The LEADER Screen can be used to electronically tag the locomotive to display malfunctioning or inoperative systems including dynamic and air brake. The LEADER Display will flash/beep a warning to the crew that a malfunction has been detected. The malfunction will be recorded in the logfile set and will remain enforce until a mechanic/electrician with the proper credentials (as determined by his/her ID code) determines the systems to be operational. All postings and clearings of warnings will be recorded in the logfile set with a record of who was responsible for the train at the time of the event.
The present system can, at the point of departure and with a knowledge of the current operational state of the propulsion, dynamic brake and air brake system, perform look-ahead simulations to determine if the train is safe to move per railroad criteria and report on operating margins. The simulations take into account all LEADER dynamic considerations especially geography or topology of the run and determine operational margins. Operating margins are estimates of headroom that describe how well the train can be controlled throughout the planned movement, run or trip. These could include how well the train is expected to behave with respect to such operating parameters as stall speed, how close does the train comes to using full brake effort to avoid over-speed, time to destination, fuel usage, and maximum forces as compared to defined limits. All estimates are done using the immediate historical performance of the train. The same report will be continually updated throughout the trip based on the most recent operating conditions, and the operator will be alerted if any problems are predicted. A pre-departure analysis puts the starting point of this analysis at the crew change point and the operating conditions as the most recent historical data. A running analysis puts the starting point at the current train location while in transit and the operating conditions as the most recent active values.
This process is illustrated specifically in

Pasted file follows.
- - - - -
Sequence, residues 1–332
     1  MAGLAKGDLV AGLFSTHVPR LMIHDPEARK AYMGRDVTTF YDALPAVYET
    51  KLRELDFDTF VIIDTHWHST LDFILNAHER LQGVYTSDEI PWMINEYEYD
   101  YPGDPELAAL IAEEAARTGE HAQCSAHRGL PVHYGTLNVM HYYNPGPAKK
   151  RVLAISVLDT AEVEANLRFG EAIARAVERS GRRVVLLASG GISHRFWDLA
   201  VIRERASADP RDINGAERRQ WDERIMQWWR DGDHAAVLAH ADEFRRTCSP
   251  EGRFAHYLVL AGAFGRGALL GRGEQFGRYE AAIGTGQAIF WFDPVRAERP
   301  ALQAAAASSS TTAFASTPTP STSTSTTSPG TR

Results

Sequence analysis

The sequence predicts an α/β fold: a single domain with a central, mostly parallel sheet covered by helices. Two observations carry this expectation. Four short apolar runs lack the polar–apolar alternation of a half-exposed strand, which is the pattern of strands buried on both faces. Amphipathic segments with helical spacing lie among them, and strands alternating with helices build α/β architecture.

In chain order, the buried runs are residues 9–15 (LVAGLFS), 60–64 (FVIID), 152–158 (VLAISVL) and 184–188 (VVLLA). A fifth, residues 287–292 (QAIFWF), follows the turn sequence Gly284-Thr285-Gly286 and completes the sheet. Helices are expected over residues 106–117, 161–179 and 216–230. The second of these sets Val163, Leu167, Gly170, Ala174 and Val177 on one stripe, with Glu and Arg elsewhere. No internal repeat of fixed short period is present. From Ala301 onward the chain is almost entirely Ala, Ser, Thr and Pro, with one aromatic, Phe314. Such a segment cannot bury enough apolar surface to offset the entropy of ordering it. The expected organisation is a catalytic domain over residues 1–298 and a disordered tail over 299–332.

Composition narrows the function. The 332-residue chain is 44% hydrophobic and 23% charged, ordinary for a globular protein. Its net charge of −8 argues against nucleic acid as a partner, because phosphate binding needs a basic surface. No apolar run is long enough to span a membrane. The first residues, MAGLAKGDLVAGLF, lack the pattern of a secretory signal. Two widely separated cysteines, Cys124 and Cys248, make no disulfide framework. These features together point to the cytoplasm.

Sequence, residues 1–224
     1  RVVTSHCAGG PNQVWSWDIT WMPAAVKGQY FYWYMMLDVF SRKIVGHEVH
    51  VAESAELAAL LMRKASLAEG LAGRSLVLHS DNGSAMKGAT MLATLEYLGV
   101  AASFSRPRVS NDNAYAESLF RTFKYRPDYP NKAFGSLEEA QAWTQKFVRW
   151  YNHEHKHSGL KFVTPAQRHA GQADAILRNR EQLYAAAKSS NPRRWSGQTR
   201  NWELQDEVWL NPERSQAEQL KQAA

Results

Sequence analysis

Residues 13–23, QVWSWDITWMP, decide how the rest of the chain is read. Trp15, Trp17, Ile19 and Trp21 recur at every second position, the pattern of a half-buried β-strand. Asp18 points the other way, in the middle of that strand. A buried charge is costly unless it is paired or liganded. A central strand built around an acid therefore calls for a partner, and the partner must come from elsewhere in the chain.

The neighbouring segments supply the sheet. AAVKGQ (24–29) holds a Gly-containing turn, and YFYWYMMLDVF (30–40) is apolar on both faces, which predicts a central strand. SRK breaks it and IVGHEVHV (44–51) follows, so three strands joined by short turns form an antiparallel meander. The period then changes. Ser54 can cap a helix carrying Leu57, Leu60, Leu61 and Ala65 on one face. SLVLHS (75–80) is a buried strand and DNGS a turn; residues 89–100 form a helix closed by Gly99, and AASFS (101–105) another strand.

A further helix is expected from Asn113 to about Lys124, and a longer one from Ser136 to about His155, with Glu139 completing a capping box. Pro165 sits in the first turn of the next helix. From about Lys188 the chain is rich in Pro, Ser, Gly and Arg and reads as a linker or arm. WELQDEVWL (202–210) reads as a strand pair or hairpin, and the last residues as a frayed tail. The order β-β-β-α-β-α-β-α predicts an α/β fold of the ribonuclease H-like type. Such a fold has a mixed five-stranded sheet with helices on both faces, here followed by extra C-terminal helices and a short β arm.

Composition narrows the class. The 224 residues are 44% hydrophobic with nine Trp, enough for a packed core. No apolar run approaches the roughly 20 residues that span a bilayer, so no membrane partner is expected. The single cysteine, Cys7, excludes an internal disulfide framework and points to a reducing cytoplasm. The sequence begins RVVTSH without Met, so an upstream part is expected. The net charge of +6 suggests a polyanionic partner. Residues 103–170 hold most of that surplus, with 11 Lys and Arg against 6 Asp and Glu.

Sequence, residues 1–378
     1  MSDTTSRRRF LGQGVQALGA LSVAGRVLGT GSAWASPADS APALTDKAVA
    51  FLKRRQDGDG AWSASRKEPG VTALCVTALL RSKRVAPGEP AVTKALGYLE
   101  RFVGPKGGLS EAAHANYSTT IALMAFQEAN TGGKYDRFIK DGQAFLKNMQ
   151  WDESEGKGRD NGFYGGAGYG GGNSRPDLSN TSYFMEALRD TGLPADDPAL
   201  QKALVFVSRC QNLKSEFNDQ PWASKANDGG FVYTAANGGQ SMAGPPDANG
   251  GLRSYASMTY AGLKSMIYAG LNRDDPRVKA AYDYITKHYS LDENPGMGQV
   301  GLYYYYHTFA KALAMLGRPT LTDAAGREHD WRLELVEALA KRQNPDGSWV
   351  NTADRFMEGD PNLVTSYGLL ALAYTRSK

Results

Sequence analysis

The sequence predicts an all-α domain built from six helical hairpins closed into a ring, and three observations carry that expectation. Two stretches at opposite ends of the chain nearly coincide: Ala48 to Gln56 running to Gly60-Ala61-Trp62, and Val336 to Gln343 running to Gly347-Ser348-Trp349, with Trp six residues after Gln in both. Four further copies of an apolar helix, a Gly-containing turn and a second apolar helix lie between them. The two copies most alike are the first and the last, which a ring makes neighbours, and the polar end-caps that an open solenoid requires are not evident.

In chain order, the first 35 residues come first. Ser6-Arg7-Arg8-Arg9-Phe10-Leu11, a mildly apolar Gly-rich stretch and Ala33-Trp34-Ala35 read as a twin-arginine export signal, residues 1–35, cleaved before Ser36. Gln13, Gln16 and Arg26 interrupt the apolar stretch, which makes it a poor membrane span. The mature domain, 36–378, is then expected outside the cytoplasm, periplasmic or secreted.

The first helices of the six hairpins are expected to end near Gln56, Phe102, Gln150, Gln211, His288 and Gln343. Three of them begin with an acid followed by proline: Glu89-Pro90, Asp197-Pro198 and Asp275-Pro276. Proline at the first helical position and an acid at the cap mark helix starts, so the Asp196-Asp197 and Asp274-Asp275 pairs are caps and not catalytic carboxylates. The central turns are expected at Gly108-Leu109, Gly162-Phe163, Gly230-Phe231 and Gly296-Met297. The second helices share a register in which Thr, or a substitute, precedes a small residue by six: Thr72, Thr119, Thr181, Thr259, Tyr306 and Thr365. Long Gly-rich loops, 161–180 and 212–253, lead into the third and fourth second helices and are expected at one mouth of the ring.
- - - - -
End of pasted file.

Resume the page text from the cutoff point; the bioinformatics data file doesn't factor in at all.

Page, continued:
With respect to a “mile-per-hour-over-speed-stop” rule, the enforcement must be done automatically when 5 mph over the posted speed limit is achieved. To do this properly, the system needs to know what the current speed limit is for the occupied territory and the grade. LEADER, of course, has this capability by comparing set databases of speed restrictions to current location via GPS and other positioning systems. To take this one step further, LEADER can look-ahead, via simulation, and determine that, under current operating conditions, the train is either in no danger for a distance ahead or can begin to warn the crew of pending problems and eventually stop the train if pending danger is detected.
Given the train characteristics including air brake efficiency, train consist (weight and length) and the geography or topology of the run, LEADER can determine the predicted air brake performance in controlling the train's movement. It can also alert the operator if the current situation is deteriorating toward loss of control.
Although the present invention has been described and illustrated in detail, it is to be clearly understood that this is done by way of illustration and example only and is not to be taken by way of limitation. The scope of the present invention are to be limited only by the terms of the appended claims.